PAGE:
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April 05, 2004
Diversifying Asset Allocation in Socially Responsible Individual Retirement Accounts
    by William Baue

Diversifying in SRI IRAs can be challenging, as asset allocation in retirement accounts has few steadfast guidelines.

Last year at tax time, provided a basic introduction to practicing socially responsible investment (SRI) in individual retirement accounts (IRAs), which minimize tax liabilities. (For a quick primer on SRI IRAs, read last year's article.) This year, we present a sophomore course on the topic, focusing on diversification and asset allocation.

Modern Portfolio Theory (MPT) holds that broad diversification across asset classes reduces volatility. However, achieving diversification in SRI IRAs can be challenging.

"You can get diversification, but the truth is it's very hard," said Michael Lent, a financial adviser with Progressive Asset Management (PAM), a national network of advisers that specialize in SRI. "Most mutual funds in the SRI field have a $1,000 minimum for IRA accounts, so it's tough to do--you really have to look at how much money you have in your IRA to figure out what sort of diversification you can actually achieve."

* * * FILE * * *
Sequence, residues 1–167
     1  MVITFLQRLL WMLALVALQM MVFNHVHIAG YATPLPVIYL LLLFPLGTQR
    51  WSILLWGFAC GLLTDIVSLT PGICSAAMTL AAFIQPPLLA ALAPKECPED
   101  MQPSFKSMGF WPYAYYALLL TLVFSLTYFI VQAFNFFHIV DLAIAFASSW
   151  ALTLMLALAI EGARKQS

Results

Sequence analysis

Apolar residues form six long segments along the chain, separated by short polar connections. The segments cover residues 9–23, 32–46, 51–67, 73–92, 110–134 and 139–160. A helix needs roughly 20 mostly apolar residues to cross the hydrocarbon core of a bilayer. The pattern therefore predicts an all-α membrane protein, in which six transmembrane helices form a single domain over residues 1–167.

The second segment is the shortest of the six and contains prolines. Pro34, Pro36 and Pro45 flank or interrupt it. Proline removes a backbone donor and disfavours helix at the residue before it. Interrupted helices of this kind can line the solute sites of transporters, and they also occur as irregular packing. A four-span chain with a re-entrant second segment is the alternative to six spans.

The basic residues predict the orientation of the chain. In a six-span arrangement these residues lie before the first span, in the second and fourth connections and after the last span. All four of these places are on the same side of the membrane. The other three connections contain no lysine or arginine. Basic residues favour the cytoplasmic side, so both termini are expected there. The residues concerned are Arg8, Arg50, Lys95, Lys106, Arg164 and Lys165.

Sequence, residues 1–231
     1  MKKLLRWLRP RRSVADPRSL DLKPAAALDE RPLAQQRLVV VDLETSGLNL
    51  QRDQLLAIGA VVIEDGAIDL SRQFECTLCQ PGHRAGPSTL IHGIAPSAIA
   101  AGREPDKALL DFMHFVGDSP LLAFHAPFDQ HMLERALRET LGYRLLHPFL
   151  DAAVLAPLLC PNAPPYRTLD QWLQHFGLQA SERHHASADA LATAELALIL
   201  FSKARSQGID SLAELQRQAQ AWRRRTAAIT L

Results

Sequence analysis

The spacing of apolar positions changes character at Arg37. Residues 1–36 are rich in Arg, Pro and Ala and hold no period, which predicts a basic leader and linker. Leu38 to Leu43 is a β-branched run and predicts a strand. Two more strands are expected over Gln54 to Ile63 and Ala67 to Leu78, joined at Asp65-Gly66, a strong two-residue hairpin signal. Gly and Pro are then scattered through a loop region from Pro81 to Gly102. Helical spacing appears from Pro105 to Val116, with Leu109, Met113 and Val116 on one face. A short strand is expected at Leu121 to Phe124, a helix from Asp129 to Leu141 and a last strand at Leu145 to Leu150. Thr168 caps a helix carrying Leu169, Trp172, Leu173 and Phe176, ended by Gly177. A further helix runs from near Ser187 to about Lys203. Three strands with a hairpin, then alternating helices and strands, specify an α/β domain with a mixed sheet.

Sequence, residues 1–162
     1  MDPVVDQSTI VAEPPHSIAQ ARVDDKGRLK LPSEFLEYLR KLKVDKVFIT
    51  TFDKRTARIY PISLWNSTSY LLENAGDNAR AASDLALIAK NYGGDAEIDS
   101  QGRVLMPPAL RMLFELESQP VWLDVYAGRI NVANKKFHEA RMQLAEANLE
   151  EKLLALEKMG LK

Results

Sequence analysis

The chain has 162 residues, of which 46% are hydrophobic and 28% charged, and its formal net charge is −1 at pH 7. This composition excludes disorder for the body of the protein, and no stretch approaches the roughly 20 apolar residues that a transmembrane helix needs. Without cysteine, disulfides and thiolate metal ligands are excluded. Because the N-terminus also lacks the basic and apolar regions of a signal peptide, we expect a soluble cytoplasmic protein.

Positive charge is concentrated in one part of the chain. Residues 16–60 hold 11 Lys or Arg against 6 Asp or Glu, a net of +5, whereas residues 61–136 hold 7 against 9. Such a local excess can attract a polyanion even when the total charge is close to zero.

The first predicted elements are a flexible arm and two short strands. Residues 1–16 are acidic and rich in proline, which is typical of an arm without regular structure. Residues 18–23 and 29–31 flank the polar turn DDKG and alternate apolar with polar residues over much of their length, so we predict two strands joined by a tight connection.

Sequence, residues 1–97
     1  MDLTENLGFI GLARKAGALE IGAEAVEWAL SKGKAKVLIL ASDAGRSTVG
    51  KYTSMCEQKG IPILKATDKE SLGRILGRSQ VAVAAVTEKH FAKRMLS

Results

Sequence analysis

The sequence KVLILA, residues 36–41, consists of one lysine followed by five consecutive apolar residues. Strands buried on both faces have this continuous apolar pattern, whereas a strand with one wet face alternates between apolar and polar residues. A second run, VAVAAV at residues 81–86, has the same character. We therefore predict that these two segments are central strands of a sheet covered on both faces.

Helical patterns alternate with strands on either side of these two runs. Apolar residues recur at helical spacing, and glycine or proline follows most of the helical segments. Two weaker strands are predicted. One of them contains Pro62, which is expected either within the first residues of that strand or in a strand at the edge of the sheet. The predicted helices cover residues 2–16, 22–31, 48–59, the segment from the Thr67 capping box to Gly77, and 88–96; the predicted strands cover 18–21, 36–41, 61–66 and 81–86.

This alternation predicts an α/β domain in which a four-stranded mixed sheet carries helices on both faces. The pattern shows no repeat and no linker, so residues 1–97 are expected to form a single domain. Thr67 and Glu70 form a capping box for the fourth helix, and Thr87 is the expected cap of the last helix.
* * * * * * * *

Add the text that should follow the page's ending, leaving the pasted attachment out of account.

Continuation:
In addition to the amount of money in one's IRA portfolio, there are two other key factors for to consider in asset allocation.

"The asset classes are determined by the client's time frame between now and retirement and their risk tolerance," Mr. Lent told "Most clients who are young will tend to favor a majority of their assets in equity mutual funds."

"However, some people don't want to be in equities because they don't believe that equities will necessarily perform the same way in the future as they have in the past," added Mr. Lent.

The diversity of individual priorities and investment styles make it difficult to generalize about SRI IRAs.

"I'm a strong believer in customizing a strategy for each client," said Mr. Lent. "That's why they need an adviser."

To locate an adviser that specializes in SRI, investors can contact PAM or the First Affirmative Financial Network (FAFN), the other major national network of SRI advisers. also features a search engine for locating SRI financial planners. In addition, has published a guide entitled Working with Social Investment Professionals that helps navigate the variables in choosing financial service providers such as brokers, money managers, financial planners, and investment advisers.

Not all aspects of asset allocation in IRAs are complicated--some are relatively straightforward.

"Tax-free investment doesn't make sense in an IRA," said Mr. Lent.

While this may sound like a no-brainer, it might not occur to those in the midst of difficult investment decisions that the benefits of tax-free investment are lost in an IRA. Thus it can be advantageous to use an IRA for investments that incur the highest tax rates.


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